Dad still looks the same, except no baseball cap, just the same ‘80s stonewashed jeans and a sweater this time. Lit by fluorescence, we move in slow motion as the social worker shows me how to help transfer him to and from the wheelchair. I wipe everything down with Clorox — the grab bars, the door knobs, all the metal gleaming. When the social worker leaves, a nursing assistant helps wheel him down the hall toward the exit. She is so kind to him, laughing and joking, hugging his shoulder, though he doesn’t react. Maybe he gives her a faint smile. I am a bad daughter beside her, stiff, awkward, not even knowing when to hug.


After we’ve walked to the car, after I’ve helped him into his seat, after he’s strapped safely inside, I turn on the engine and look at him. Is he still the same Dad?

“They didn’t give me any freedom in there,” he says finally, an edge or a plea at the end of his words.

This is the first thing he’s said to me. He barely spoke inside Kline Galland. He was so polite, it was like looking at a stranger.

“I had to buzz someone to go take a walk outside.”

I nod, not taking my eyes off the road.


I hope that he’s the same Dad who camped out under the stars in a sleeping bag, no tent in sight when we drove from Seattle to San Francisco over twenty years ago.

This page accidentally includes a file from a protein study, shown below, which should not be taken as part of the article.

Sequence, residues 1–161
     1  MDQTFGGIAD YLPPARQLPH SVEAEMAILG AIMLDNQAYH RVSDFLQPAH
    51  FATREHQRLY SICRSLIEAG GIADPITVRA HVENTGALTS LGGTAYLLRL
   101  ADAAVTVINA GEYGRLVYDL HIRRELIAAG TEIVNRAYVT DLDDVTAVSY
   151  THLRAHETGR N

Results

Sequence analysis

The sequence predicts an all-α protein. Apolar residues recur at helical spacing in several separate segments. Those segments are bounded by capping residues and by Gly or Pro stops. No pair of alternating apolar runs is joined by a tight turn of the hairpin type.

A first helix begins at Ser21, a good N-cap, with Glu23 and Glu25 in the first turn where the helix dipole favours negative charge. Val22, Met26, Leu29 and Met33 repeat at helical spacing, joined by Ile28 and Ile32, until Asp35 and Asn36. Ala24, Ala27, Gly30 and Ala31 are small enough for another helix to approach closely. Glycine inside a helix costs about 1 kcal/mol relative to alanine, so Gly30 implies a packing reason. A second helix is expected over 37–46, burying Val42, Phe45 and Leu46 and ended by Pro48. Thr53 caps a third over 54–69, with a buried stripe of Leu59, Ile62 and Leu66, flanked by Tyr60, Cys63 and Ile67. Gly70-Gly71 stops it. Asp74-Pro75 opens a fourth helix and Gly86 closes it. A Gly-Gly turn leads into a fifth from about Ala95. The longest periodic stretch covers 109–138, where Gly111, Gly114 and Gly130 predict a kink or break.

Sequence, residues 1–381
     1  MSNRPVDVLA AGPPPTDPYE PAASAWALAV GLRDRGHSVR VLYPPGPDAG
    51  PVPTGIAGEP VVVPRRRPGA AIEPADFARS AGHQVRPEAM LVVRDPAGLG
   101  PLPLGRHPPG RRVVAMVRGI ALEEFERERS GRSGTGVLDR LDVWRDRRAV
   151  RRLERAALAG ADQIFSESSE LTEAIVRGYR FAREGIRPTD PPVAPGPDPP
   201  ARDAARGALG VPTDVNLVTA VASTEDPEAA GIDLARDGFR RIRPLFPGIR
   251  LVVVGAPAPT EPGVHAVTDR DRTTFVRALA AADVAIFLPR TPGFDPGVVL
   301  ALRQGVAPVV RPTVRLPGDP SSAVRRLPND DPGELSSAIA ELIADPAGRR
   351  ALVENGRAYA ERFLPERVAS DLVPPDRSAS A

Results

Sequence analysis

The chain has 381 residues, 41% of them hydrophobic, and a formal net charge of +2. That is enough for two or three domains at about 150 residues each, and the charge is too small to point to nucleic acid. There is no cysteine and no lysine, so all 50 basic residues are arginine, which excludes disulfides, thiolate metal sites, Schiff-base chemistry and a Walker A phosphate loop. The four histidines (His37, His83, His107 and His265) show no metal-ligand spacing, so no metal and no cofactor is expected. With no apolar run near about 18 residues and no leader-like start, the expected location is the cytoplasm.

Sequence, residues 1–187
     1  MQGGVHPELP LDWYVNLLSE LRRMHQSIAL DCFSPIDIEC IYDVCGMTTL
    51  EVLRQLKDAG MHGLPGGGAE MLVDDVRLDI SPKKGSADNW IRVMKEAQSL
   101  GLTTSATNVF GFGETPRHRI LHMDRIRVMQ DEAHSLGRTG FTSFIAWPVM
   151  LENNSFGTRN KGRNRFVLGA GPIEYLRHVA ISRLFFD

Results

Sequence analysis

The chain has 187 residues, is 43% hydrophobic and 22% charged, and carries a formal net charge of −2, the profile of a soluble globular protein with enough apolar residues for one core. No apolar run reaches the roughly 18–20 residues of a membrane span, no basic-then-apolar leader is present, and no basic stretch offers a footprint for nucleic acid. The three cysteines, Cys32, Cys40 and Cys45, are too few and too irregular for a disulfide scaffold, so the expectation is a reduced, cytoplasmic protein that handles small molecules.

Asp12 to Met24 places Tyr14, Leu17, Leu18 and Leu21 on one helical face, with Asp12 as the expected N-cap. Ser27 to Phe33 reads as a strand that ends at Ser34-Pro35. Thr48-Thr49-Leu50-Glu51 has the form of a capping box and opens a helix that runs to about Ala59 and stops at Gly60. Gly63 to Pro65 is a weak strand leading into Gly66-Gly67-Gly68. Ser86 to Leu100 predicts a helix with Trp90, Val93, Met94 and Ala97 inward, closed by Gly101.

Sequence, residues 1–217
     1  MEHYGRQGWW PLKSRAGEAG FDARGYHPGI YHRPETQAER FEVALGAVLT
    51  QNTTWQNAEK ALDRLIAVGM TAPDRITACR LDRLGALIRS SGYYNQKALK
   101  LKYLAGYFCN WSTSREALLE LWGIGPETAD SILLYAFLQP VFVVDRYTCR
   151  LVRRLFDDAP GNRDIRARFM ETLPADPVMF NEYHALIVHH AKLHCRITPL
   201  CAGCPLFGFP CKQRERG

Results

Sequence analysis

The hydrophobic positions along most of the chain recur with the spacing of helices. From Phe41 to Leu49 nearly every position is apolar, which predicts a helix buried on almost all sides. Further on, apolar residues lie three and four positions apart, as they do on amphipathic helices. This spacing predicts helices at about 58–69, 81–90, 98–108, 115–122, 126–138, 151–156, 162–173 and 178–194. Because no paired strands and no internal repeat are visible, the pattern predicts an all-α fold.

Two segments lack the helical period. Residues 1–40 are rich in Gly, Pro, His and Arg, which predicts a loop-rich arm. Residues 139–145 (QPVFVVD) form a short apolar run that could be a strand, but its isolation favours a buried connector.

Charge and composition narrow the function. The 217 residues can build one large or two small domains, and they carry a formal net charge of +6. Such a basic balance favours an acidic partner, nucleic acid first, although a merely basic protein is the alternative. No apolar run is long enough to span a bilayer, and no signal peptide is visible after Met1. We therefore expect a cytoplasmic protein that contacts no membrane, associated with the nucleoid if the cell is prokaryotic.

“They didn’t give me any freedom” gives me hope he’s back to his old self. But he’s more frail, needs my hand on his arm to steady himself while walking.


I don’t yet know that this stay at Kline Galland will be the beginning of a series of other medical incidents. I don’t yet know that I’ll be present for the next one, grasping Dad’s shoulder while I dial 911, yelling out into the empty space for help.

For now, I take the slow route home, gliding along Seward Park, passing by endless stretches of grass and water and people running, jogging, walking their dogs. As I make it to I-5 heading toward home, Dad falls asleep, baseball-hatted head slumping forward, sun-dappled hands curled in his lap. At least he looks peaceful.

Headshot of Celeste Chan by JD

Celeste Chan is a writer and artist schooled by Do-It-Yourself culture and immigrant parents from Malaysia and the Bronx, NY. She founded and directed Queer Rebels (a queer and trans people of color arts project), created and curated experimental films, joined Foglifter Literary Journal as an editor and board member, and toured with legendary feminist road show, Sister Spit. She's grateful for support from Hedgebrook, Hugo House, Periplus, Ragdale, SF Arts Commission, and SF Public Library, among others. Celeste is currently researching and writing her hybrid memoir.

Join the conversation!

Once or twice a month — we only send newsletters when we have things to communicate — we send announcements, opportunities, and inspirations.

Thanks for signing up! Oops! Something went wrong, please try again.